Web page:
I can sit here and tell you how great Jackie Bradley Jr.’s 29-game hit streak was, or I can also talk about how great Xander Bogaerts 22-game hit streak is. Instead, I want to draw attention to what Mookie Betts has been doing. There is a lot to talk about Mookie at the plate, and it doesn’t come with a very tall height.
Mookie Betts as a 5 foot 9 inch, 180 lb. right fielder, by common perception, should be a scrap hitter, especially while hitting at the top of the lineup for the Red Sox. However, besides having good speed, with 21 stolen bases last season and 8 so far this year, he is proving that size doesn’t necessarily tell a player’s power.
Last year Mookie had 68 extra base hits, with 42 doubles, 8 triples, and 18 home runs. This year he already has 23 extra-base knocks, and is projected for 79 by the end of the season. He already has 11 doubles, 3 triples, and 9 home runs. Prior to this weekend, he was on pace for 31 home runs this season, which is something that seems improbable for someone of his build at such a young age, but he is proving us all wrong by hitting extra baggers and home runs with regularity.
If Betts does, in fact, hit 30 home runs or more, he would be the third player in history that is 5’10” or under to reach this feat at the age of 23. The other players who have achieved this are Mel Ott and Willie Mays. That is a pretty special group of players to be named with.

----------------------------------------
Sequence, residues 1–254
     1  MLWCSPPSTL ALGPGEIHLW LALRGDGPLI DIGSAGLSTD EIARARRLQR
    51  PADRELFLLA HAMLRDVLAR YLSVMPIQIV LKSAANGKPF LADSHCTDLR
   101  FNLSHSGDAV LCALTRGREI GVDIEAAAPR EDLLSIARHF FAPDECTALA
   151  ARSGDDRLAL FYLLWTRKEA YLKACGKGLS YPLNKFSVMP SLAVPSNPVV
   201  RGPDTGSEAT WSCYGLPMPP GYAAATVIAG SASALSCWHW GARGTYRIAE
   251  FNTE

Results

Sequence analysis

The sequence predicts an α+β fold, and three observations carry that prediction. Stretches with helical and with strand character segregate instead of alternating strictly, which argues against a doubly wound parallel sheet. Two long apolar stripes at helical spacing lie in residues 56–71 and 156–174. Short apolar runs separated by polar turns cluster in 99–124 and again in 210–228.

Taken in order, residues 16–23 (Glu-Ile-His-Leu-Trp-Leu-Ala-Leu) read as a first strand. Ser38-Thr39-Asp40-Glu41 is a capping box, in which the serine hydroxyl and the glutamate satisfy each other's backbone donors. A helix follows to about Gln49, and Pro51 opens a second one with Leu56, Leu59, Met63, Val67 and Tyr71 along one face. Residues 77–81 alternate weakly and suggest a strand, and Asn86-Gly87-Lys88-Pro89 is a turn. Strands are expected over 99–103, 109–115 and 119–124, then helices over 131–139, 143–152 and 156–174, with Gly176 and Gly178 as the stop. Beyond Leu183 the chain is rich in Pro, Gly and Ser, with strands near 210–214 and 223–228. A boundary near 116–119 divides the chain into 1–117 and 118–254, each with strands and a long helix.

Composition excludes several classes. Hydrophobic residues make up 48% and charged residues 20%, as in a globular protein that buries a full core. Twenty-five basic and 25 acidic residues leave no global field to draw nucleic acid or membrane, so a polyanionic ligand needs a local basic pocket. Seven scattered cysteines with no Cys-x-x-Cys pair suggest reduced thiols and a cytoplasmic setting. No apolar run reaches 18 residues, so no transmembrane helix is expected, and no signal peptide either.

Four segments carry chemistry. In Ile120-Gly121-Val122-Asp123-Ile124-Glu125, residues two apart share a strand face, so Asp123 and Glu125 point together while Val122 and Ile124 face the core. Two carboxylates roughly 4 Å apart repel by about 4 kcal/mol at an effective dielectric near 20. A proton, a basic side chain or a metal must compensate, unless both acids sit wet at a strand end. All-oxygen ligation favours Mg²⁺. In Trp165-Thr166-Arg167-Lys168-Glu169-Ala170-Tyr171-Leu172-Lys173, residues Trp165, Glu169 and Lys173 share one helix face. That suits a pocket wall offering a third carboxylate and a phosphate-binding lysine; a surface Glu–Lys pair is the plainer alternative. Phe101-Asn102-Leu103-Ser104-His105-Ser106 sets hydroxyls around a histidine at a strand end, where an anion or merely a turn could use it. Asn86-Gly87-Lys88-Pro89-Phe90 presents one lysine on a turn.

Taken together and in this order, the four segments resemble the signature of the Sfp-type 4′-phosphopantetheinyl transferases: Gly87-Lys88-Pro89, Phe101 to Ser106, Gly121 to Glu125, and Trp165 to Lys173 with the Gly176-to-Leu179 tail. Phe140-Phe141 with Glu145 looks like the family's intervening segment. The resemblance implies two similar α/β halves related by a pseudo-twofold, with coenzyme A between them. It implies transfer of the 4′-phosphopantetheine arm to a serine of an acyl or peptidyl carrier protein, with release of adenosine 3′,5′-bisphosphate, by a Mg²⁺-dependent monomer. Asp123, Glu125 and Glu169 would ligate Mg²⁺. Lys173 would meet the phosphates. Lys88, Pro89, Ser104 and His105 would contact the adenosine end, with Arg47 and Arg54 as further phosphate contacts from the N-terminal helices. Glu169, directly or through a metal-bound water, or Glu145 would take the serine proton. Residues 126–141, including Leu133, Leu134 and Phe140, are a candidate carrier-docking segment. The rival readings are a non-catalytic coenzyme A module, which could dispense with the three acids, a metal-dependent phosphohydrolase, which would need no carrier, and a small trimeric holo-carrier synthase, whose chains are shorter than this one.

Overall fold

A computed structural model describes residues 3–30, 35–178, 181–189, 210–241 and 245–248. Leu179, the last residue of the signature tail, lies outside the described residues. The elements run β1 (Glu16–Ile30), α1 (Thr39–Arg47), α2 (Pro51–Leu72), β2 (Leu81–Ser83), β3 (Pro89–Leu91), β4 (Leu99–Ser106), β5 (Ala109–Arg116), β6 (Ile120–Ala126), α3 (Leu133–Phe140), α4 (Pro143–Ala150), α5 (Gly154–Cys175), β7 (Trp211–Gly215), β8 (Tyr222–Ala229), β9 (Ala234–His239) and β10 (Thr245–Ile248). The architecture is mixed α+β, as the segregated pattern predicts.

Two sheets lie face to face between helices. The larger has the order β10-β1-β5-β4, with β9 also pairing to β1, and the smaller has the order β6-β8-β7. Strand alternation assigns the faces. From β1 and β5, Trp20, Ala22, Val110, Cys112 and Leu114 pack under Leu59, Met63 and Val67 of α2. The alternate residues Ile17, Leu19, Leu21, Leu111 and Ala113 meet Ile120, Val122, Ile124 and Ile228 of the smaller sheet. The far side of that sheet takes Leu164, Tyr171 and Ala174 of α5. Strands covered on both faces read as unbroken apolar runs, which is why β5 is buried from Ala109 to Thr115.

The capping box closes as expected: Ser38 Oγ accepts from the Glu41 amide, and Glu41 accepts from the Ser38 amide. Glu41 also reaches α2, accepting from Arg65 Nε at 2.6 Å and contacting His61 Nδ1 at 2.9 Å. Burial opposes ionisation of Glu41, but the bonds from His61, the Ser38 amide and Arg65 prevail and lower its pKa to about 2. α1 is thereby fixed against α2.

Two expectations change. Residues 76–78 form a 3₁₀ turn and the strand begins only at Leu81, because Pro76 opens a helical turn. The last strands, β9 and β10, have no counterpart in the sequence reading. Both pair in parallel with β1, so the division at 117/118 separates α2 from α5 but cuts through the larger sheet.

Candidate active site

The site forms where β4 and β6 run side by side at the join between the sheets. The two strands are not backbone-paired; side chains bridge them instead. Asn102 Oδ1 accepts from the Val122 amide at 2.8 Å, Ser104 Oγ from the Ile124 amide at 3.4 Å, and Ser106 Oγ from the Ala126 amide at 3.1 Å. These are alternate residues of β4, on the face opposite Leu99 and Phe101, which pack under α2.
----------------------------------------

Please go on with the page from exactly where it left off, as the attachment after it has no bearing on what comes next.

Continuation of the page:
This wouldn’t be his first offensive achievement for his size either. Last year, at 22 years old, his 68 extra-base hits marked him the ninth player to be 5’10” or under, and younger than 23, to have 60-plus extra-base hits. It was also the most by a Red Sox player in a single season before turning age 23 since 1940.
His success offensively last year was evident, but it’s also apparent that his power is only getting better. With 9 home runs already on the season, he has an HR/FB (home run to fly ball) rate of 13.6% compared to 8.2% last year, while his percentage of softly hit balls remain to be at a small portion of 15.7%.
With Mookie’s size, it is clear that this success is coming from a great swing. With quick bat speed and good plate discipline, he has shown that this may be an upward trend. However, despite all the good things that are coming offensively from Mookie, is this something that is wanted from a leadoff hitter? His OBP is rather low at .309, which since 2014 has only been decreasing.
It will be interesting to continue watching Mookie Betts at the plate and what his apparent power will turn into. Can he still bring the traditional characteristics of a leadoff hitter of getting on base and drawing lots of pitches, while keeping up with his slugging? Only time will tell, and what an exciting time that will be to watch.